In this short article by Kim Stanley Robinson for Bloomberg Green, the sci-fi author and climate thinker writes about the “30 by 30” plan to protect 30% of land by 2030, which a growing number of countries are joining, and how it echoes “the preeminent conservation biologist of our time”, E.O. Wilson who advocated for the protection of 50% of land on the planet “for the sake of the thousands of species now in danger of extinction.”
To achieve anywhere close to this, the migration to cities will have to keep going and our cities to transform. It’s somewhat the same premise as Fab Cities; the need to change how we live in cities and how we build them, as well as how everything used needs to be sourced as locally as possible, and otherwise as fairly and sustainably as possible.
Although Robinson’s vision for what’s needed of these cities might be different than others’, for example in his focus on high-rise and high-tech, the goals and some of the solutions he highlights are solid.
The climate city will need to be compact but with green space. It will have to be energy-efficient but also home to a great deal of industrial production. Instead of being carbon hot spots, belching out emissions, it would be better if cities were carbon-neutral heat sinks, helping to cool the planet. […]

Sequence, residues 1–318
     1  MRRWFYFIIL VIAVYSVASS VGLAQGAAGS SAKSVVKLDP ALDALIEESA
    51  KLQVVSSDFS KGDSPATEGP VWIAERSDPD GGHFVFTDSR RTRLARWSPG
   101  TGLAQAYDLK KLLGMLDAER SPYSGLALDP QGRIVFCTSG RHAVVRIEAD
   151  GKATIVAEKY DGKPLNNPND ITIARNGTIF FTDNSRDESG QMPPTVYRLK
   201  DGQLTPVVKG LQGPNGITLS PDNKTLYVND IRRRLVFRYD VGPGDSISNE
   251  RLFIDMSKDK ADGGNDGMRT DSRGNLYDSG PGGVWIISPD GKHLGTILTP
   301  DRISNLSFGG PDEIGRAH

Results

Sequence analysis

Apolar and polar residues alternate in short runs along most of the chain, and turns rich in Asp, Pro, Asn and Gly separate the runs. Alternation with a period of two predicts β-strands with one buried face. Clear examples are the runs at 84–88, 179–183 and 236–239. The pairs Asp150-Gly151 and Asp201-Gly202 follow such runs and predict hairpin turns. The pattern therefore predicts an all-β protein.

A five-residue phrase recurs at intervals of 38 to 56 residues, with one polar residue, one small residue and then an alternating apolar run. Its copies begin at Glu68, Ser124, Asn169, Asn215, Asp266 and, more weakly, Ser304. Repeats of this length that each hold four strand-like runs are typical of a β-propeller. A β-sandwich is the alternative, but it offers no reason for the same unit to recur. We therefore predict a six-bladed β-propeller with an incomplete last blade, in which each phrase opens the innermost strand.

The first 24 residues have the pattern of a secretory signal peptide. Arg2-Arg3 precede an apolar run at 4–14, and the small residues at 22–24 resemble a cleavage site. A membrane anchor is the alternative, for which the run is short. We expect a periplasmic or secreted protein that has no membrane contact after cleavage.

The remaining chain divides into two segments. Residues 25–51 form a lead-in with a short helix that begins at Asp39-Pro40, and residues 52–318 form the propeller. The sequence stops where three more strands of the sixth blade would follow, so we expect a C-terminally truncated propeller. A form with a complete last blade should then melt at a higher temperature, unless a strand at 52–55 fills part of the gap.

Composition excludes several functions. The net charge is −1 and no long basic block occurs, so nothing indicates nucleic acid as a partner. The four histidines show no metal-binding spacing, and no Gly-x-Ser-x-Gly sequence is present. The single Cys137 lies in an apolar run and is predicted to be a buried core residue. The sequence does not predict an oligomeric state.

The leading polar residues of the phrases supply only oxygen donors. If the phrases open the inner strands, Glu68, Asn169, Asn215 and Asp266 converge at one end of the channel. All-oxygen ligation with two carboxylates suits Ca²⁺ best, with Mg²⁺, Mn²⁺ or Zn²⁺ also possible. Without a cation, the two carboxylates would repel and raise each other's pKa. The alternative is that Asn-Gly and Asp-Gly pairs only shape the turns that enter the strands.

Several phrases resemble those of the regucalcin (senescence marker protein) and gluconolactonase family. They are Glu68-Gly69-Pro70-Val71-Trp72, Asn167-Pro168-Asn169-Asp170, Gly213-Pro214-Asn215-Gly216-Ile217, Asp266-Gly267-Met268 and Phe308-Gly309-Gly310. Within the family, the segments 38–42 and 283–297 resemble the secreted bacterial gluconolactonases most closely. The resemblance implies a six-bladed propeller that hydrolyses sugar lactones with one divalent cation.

And while a good deal of agriculture and even animal husbandry should take place in cities, to help empty more of the country, our urban spaces should also feel pleasant and parklike for their human inhabitants.
He’s also likely right in the needs for measurement and efficiency mentioned here:
Talk of “smart cities” is a little bit overblown, part of the AI craze, because the smarts in cities are always going to remain human. But a highly systematized, quantified, and automated coordination of city functions, not just transport but also inputs and outputs of all kinds of supplies and wastes, will help cities achieve the good efficiencies necessary to make them superior in carbon-burn terms.
However, in this short piece KSR doesn’t mention the importance of what is measured, why, and by whom. Top down smart cities are not only overblown, they are usually a corporate vision with the goal of selling equipment. A Fab City would emphasize needs first, citizen-led goals, community ownership of data, and be respectful of various communities and privacy rights.